“We need much more research like this,” he said.
Working with key members of the new Society for Anesthesia and Sleep Medicine, Dr. Memtsoudis and his colleagues from the Department of Public Health at Cornell University are now designing a multicenter “practice based evidence” study that will collect data from institutions that have varying practices with regard to the management of sleep apnea in surgical patients. “This will help us assess what works and what doesn’t work and who among sleep apnea patients is actually at risk,” he said. “We can’t just advocate that people keep doing what they’re doing with no evidence for it.”
The editorial appears in the June 20, 2013, edition of the New England Journal of Medicine. Dr. Memtsoudis’ co-authors include Melanie C. Besculides, Dr.P.H., and Madhu Mazumdar, Ph.D., from NewYork-Presbyterian Hospital, Weill Cornell Medical College, New York City.
About HSS | Hospital for Special Surgery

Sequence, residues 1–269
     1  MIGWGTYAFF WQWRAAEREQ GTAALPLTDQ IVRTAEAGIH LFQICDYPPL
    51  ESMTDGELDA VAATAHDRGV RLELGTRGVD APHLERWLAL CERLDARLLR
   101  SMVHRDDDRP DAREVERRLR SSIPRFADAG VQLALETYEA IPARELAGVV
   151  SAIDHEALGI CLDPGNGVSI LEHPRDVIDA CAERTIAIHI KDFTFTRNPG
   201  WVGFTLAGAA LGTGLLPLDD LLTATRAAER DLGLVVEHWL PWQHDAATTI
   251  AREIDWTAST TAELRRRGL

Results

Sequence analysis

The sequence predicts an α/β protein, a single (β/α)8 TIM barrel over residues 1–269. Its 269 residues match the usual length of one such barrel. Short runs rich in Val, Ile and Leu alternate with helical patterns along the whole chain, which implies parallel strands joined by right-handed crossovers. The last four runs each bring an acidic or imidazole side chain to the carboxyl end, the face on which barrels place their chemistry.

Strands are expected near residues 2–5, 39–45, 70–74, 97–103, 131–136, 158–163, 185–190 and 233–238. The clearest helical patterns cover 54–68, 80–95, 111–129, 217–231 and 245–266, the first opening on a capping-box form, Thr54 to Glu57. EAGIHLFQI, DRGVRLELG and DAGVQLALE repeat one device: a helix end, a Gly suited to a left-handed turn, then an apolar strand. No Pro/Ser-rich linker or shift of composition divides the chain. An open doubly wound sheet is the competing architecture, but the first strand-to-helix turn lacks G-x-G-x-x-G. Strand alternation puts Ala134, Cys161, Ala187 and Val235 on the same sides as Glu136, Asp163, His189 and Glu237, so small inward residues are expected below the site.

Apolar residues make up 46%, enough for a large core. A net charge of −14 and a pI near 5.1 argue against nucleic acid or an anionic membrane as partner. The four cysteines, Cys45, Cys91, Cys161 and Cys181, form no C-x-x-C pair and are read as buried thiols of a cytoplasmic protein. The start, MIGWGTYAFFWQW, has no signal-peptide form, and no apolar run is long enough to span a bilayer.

HSS is the world’s leading academic medical center focused on musculoskeletal health. At its core is Hospital for Special Surgery, nationally ranked No. 1 in orthopedics (for the eighth consecutive year) and No. 3 in rheumatology by U.S. News & World Report (2017-2018). Founded in 1863, the Hospital has one of the lowest infection rates in the country and was the first in New York State to receive Magnet Recognition for Excellence in Nursing Service from the American Nurses Credentialing Center four consecutive times. The global standard total knee replacement was developed at HSS in 1969. An affiliate of Weill Cornell Medical College, HSS has a main campus in New York City and facilities in New Jersey, Connecticut and in the Long Island and Westchester County regions of New York State. In 2017 HSS provided care to 135,000 patients and performed more than 32,000 surgical procedures. People from all 50 U.S. states and 80 countries travelled to receive care at HSS. In addition to patient care, HSS leads the field in research, innovation and education. The HSS Research Institute comprises 20 laboratories and 300 staff members focused on leading the advancement of musculoskeletal health through prevention of degeneration, tissue repair and tissue regeneration. The HSS Global Innovation Institute was formed in 2016 to realize the potential of new drugs, therapeutics and devices. The culture of innovation is accelerating at HSS as 130 new idea submissions were made to the Global Innovation Institute in 2017 (almost 3x the submissions in 2015). The HSS Education Institute is the world’s leading provider of education on the topic on musculoskeletal health, with its online learning platform offering more than 600 courses to more than 21,000 medical professional members worldwide. Through HSS Global Ventures, the institution is collaborating with medical centers and other organizations to advance the quality and value of musculoskeletal care and to make world-class HSS care more widely accessible nationally and internationally.